Am I Excited by the Idea of a Gap Year?

For students reapplying having already achieved their grades, the healthiest attitude to take is to consider the gap year as an opportunity rather than a burden, and to plan it such that you are being productive or developing yourself as a student or person in some way. Focusing only on achieving an offer from your dream university for an entire year can pile on unhelpful pressure and can actually end up being detrimental to your chances!

Explore gap year options as soon as you can and consider what opportunities - be it building life skills, going on an adventure, volunteering, saving for university, gaining work experience, or something else - excite you, regardless of how it may or may not help your university application. Remember that, fundamentally, this is a year of your life you’ll be spending, so make sure you’re doing something that will keep you fulfilled or help you in some way for the future.


Do your Gap Year Plans Include Something Academically Relevant?

Whilst Universities don’t insist that you spend your entire year out studying, they will seek reassurance that you are keeping in touch with your subject in some way. This is particularly important for subjects involving mathematics - consider tutoring A-Level maths in your spare time, taking a further maths qualification, participating in a maths competition, or working in a structured way through a more advanced textbook.


Are you Making the Most Strategic Choices Possible?

There are a lot of factors to consider, made all the more difficult given that they’re all very personal to the individual making the decision. Even once you have made the choice to reapply, there’s a whole host of decisions to make such as university choice, gap year activities, and application plan that, if made strategically, can be the difference between success and failure in your reapplication. This is where talking to a mentor or education counsellor can make an enormous difference.

At Oxbridge Application, our expert Oxbridge-graduate consultants work with students like yourself every single day, including reapplicants, guiding them through the best possible plan going forward.

For more information on reapplying, including our honest breakdown of the advantages and disadvantages of going through the reapplication process, check out our dedicated reapplication blog post.


What to Do If You've Missed Your Offer

If you haven't met the conditions of your offer, don't panic. There are still several paths you can explore:


Contact the University:

Get in touch with the university to discuss your situation. They might offer alternative courses or foundation programs, particularly if you missed the offer by a small margin, although do be aware that this is likely impossible for highly competitive courses, such as all those at Oxford and Cambridge.


Seek a Remark:

If you’ve missed just one or two grades by a small margin, your best course of action might be to seek a remark in case your grades are increased as a result. Be sure to contact the university immediately to let them know you are doing this, and talk to your school or college as soon as possible to get the remarking process underway. We recommend only doing this if you’ve missed a grade boundary by a few marks, since there is always the possibility that your remarks come back lower rather than higher!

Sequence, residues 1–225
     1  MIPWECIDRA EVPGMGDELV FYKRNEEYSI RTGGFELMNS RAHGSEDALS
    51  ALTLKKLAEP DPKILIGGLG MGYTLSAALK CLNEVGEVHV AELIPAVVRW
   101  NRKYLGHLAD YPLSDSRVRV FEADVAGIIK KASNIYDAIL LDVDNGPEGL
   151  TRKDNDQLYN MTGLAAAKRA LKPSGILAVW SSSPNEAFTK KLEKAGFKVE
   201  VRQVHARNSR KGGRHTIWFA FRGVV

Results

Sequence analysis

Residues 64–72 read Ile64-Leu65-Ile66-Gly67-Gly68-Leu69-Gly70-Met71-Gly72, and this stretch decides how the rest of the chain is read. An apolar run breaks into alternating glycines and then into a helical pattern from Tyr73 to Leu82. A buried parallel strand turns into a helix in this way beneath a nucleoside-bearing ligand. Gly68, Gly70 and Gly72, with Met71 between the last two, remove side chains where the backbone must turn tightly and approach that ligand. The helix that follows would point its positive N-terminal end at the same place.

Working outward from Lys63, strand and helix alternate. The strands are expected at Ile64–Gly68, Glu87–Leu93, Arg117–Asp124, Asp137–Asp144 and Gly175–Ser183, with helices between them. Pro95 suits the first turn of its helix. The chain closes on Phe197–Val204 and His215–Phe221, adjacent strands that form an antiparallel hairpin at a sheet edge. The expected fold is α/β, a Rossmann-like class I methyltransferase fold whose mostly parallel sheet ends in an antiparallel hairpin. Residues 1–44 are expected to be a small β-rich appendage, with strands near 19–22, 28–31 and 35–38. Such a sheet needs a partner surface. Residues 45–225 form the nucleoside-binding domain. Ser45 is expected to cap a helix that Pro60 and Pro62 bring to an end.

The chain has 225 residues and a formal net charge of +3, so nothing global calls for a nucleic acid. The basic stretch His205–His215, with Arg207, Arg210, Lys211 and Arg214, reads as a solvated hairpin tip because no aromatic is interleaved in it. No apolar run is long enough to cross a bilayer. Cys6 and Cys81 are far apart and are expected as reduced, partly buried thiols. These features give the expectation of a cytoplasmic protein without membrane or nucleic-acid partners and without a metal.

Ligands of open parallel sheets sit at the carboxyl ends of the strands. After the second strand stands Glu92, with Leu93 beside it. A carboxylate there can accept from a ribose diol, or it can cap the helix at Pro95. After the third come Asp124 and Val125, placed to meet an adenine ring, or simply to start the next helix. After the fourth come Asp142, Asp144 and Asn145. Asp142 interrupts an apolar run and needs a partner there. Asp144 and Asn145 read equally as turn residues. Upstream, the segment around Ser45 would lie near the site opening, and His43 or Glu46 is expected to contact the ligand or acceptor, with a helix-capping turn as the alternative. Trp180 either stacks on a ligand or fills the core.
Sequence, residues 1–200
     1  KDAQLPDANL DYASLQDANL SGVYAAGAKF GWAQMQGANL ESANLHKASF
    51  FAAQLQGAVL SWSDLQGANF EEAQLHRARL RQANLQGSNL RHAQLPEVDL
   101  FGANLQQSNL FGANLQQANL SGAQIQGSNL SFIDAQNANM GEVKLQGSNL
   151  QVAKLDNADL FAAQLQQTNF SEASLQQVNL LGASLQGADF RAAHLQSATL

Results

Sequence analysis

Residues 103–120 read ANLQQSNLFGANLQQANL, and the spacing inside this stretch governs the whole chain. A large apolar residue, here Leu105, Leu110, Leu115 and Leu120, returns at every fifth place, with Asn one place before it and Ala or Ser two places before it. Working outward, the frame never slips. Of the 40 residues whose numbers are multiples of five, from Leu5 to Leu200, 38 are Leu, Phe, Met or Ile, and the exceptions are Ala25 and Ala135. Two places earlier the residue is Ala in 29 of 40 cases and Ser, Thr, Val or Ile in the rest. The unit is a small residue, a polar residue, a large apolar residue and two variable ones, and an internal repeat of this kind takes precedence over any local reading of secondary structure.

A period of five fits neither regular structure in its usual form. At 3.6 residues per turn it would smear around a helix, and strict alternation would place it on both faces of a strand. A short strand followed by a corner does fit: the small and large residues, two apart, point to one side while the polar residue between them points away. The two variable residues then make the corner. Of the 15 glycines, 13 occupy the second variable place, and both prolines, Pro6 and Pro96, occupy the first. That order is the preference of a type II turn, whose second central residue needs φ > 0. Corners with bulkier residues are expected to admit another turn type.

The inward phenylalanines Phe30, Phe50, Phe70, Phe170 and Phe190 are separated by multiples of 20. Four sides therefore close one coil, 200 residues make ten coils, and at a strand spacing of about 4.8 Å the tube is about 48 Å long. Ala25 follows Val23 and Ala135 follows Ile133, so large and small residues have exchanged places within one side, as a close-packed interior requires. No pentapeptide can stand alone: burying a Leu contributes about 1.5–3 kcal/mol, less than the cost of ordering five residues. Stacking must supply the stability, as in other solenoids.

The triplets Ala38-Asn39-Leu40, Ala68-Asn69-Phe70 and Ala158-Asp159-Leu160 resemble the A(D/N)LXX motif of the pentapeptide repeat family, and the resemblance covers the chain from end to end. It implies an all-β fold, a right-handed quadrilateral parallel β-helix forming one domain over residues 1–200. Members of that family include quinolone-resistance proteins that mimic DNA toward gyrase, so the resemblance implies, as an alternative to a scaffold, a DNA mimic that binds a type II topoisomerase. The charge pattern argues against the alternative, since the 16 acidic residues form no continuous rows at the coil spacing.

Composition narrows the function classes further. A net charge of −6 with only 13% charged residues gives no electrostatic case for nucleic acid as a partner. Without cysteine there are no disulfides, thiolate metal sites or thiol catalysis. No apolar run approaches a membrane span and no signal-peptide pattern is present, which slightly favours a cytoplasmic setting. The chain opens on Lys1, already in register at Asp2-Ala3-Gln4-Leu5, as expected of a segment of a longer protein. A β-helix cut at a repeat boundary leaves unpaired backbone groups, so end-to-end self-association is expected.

UCAS Clearing:

Explore courses available through UCAS Clearing. This process allows you to find universities and courses that still have vacancies and are looking for applicants. If you’re considering going down this road, we recommend thinking critically first about which universities or courses you’re interested in; keeping an open mind is key when going through Clearing, but equally it’s important to ensure that you’re not settling for a course that you don’t actually want to do because you’ve panicked!


A-Level Retakes and Reapplication:

This could be a good option, especially if you feel like you missed your grades due to a slip up on the day of the exam or a lack of discipline in your revision in the lead up. Taking a year out to revise harder, retake your exams, and reapply to university can be a hefty workload, made harder by the added pressure of it being your second time round, but with the right attitude and a strategic approach to university choice, it can be a fantastic option for students who are confident in their ability to make the grades they need with a second chance. We also recommend checking out the policy of the university or course you’d like to apply to concerning retakes, since some are clear that they consider retakes only in certain circumstances or will consider applicants with retakes only if they are exceptional in other areas of the application. Read our blog post on 'Everything You Need to Know About A-Level Retakes' for a comprehensive overview of what to consider.

Gap Year and Reapplication:

Taking a gap year to reapply can be a strategic choice for applicants who have missed their initial university grades. This process can either be combined with retaking A-Levels (as above) or sticking with the grades you’ve got and applying for universities with slightly lower grade requirements than those which you applied for the first time round. With this option, we again caution that it’s important to really think about how happy you are with the university options available to you with your current grades; there’s no right answer here as the choice is highly personal, and nobody else can make this choice for you. If you’re keen to go ahead and take a year out with your current grades, check out our guidance on reapplying with your A-Level grades above!

For a comprehensive overview of what to do if you’ve missed your A-Level grades, read our dedicated blog post on 'Navigating A-Level Setbacks'.


Your A-Level results are an important milestone, but they don't define your entire academic journey. Remember that there are various paths to success, and the choices you make now can shape your future in remarkable ways. Whether you're heading off to university, upgrading your course, or taking a gap year to reapply or reconsider, embrace the opportunities that lie ahead. Your journey is unique, and it's full of potential waiting to be explored.